Google Pay also offers another feature for family use, Purchase Requests. This allows kids to send a request to buy something to the adult supervising Google Pay's use by the family, even without a family payment method set up. Then the family manager of the account can review and decide whether to make the purchase for their young person.

Parents also can use Google's Family Link app to monitor kids' purchases in the Google Play store, Google accounts, the child's location, and time spent on supervised devices.

Because Google Pay only works on Google Play, kids can't use it to make purchases in physical stores or tosend moneyto their friends or family, unless they get approval for those activities from the Google Pay Purchase Requests tool and the parent pays using the family payment mode.

Security Systems

Credit card fraud remains a significant problem worldwide. As banks and retailers work to upgrade their platforms, mobile payment systems like Apple Pay and Google Wallet may allow the U.S. to leapfrog to the forefront of payment security.

Though the two systems appear to be equally robust, the companies take different approaches that shape what their products can and can't do.

For the consumer, the use of Touch ID versus personal identification (PIN) authentication is the most visible difference, but behind the scenes, there is a lot more happening. Most important is the fact that neither system reveals the user's card details to the vendor.

Google Security

With both systems, you provide your card details only once, during the initial setup. Google adopts an intermediary role and saves your card details on its servers. It then issues a virtual card to your device, the Google Pay virtual card.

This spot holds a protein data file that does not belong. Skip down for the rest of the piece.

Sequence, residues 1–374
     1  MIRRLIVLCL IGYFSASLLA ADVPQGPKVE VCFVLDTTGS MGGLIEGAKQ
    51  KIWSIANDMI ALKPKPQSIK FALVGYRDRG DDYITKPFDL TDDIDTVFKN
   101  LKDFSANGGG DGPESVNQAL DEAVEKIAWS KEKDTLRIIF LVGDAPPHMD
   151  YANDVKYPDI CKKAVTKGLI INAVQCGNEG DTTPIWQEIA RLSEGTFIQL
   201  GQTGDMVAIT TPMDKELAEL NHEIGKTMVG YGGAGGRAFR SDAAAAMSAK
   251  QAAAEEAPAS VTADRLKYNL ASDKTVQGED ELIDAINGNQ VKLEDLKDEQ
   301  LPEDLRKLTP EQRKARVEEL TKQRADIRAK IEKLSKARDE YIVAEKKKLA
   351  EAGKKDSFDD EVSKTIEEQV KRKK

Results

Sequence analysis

When paying, the device only transmits the Google Pay virtual card's information. The vendor never sees your real card, which is protected by Google's secure servers.

When the seller charges the virtual card, Google, in turn, charges your stored debit or credit card and is the only entity that ever sees your real card through this transaction.

Apple Security

Apple employs a different system known as tokenization. Here, when your card details are provided to the device, it contacts the issuing bank directly and, upon confirmation, receives a device- and card-specific token called the Device Account Number (DAN), which is stored on a secure chip on the device. The DAN structurally resembles a credit card number and is passed on to the merchant when any payment is made before getting authorized by the bank.

Does Apple Pay Charge Fees?

No, Apple Pay doesn't charge consumers fees. Instead, it makes money directly from the bank that issued the card linked to the Apple Pay account.

Does Google Wallet Charge Fees?

No, Google Wallet doesn't charge consumers fees. Google makes money by charging vendors a percentage of each transaction, as well as through targeted ads.

Does Apple Pay Offer a Credit Line?

Apple Pay doesn't have its own credit line but pairs with the Apple Credit Card.

Does Google Pay Offer a Credit Line?

No, Google Pay doesn't offer a credit line in the U.S.

The Bottom Line

Apple Pay was once promoted as "Your wallet. Without the wallet," a description that, in truth, fits Google Wallet better. Google Pay, meanwhile, was promotedas "an easier way to pay," which in all fairness is what Apple ought to be saying. For the consumer, both systems offer convenience and a measure of security, so choosing between the two is mostly a matter of personal preference.

Apple Pay vs. Google Wallet: How They Work (2024)